Sharmila Lele, headmistress, Cathedral & John Connon Infant School, says, “Study of different artists is the first step towards learning different representational forms. Each artist follows a unique style and a way of expression. The children can find their own path to creativity by learning the works of these artists. As the children bring various Indian art forms to life, they get a sense of belonging. Understanding different cultures help in developing the tolerance threshold in young children while building their character. The art curriculum in school is very thoughtfully planned, keeping in mind children's emotional, motor and creative skills for their holistic growth.”

There’s a need for an attitudinal shift too, feels writer and educator Anjali Raghbeer. While travelling internationally, it was easy to find children’s books on Leonardo DaVinci, Monet, and Picasso. In India, there was no literature for children that would introduce them to works of stalwarts that this nation has produced. Even within the parent community in India, there’s a tendency to take a backseat with Indian heritage. Does elitism in art appreciation amongst parents cause children to lose out on appreciating their own culture? “There is certainly a need to build up the dialogue. We’re a product of our childhood experiences. If parents don’t introduce their children to MF Husain or Raja Ravi Varma, but are happy to extol the creative virtues of Van Gogh, are we not feeding the disconnect?”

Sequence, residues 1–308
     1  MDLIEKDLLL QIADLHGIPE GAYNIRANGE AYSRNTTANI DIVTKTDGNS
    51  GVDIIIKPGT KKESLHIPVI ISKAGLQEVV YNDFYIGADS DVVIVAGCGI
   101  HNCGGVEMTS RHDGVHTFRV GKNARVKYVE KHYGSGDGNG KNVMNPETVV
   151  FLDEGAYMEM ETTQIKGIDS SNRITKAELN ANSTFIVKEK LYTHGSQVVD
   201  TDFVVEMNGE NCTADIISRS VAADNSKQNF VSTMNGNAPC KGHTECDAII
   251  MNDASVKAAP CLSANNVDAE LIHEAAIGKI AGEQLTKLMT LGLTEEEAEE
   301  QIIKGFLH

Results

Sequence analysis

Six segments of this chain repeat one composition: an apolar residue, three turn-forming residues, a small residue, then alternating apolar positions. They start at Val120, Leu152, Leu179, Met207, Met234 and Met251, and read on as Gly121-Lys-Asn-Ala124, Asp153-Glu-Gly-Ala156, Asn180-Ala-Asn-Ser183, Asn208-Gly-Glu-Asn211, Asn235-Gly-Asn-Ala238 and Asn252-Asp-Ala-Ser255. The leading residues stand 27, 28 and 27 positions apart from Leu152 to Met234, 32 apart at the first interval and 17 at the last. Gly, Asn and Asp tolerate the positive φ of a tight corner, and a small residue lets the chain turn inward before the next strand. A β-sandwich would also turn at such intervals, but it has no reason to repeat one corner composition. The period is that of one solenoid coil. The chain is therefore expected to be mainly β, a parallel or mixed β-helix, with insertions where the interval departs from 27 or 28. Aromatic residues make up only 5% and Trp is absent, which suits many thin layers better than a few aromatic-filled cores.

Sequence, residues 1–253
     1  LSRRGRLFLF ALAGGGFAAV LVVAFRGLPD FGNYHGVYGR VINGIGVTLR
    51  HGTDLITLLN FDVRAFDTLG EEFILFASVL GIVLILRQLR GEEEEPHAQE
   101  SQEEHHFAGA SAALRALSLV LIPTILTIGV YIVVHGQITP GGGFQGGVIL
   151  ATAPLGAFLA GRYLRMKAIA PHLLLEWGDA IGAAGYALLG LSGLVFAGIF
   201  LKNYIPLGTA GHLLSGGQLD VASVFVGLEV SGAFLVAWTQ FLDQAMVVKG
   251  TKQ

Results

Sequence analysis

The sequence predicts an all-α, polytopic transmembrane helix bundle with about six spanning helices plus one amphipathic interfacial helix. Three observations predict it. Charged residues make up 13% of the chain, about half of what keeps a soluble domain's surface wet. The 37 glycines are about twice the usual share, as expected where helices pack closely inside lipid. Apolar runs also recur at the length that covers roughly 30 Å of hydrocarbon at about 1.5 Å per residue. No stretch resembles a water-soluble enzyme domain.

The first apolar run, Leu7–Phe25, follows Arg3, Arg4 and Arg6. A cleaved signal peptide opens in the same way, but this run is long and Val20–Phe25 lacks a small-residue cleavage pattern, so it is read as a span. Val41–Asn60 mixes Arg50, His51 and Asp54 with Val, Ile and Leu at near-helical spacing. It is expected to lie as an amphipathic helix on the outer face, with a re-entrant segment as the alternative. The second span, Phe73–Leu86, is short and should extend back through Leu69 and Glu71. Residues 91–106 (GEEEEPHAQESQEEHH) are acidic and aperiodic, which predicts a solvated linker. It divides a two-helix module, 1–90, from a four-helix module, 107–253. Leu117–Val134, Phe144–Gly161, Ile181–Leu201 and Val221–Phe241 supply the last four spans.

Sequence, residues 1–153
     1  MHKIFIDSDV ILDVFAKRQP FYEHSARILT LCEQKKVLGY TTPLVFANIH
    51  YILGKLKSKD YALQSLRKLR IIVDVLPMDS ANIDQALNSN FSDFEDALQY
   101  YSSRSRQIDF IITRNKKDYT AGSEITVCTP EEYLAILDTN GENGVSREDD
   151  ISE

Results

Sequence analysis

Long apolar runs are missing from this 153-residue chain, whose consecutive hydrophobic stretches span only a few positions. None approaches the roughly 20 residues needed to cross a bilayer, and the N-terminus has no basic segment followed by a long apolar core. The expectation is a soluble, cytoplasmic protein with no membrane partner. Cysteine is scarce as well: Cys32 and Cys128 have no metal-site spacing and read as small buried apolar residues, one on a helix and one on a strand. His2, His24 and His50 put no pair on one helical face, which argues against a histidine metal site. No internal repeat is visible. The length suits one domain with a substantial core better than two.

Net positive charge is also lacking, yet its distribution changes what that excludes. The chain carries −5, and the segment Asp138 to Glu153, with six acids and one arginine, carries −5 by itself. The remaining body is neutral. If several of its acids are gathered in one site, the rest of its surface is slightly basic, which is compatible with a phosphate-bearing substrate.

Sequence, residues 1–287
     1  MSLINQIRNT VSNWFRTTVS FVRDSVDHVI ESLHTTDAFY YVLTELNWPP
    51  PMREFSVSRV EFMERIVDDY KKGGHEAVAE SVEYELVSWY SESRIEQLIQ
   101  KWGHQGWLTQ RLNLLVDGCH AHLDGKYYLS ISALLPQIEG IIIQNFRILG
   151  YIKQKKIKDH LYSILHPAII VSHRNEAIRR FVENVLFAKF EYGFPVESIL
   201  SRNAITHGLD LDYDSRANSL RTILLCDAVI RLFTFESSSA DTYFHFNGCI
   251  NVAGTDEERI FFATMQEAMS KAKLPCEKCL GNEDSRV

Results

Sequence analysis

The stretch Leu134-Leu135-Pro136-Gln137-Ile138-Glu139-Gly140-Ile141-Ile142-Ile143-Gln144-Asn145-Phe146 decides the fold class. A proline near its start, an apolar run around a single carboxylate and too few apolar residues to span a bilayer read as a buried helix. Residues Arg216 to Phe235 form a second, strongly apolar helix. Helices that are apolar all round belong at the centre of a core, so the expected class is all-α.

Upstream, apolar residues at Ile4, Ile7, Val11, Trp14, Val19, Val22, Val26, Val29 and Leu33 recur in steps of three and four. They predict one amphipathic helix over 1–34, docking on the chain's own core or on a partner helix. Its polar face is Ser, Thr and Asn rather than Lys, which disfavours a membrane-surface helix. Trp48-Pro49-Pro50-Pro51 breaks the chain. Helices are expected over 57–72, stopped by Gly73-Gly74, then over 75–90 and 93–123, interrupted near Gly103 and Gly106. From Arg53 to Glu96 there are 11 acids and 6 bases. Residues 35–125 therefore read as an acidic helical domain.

The abject lack of Indian art literature for children inspired Raghbeer in 2009 to work on the beautifully illustrated Looking at Art series on Indian maestros. Jamini Roy: A Trail of Paint, MF Husain: Barefoot Husain, and Raja Ravi Varma: The Veena Player are among the books published by Tulika. Raghbeer has also worked on the Art Tales from India series that explores Indian folk art heritage through Madhubani, Bhil, and Ganjifa art forms. She researches the artists and the art forms, zooms in on their distinct traits and quirks to make their stories more accessible to such a young audience. “Children are non-judgmental. When we teach them early on about such stories, they’re fascinated because they can relate to the joy that comes from painting. My uncle was a huge patron of art and I grew up in an environment where art and artists were familiar to me. Through these books, we take this familiarity to a wider audience.”

Mundye believes that early Indian art appreciation helps in creating more responsible adults of the future. “Appreciation for art and artists early on builds value for culture, history and heritage in one's life. It affects the little things, the next time one buys from a craftsman, it feeds into the art eco-system to make it stronger. This appreciation is what will make people aware of the abundant culture we have and the state it is in, then only can we move ahead with change in the country and build a culture of art appreciation.”

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Updated Date: Aug 05, 2018 09:44:28 IST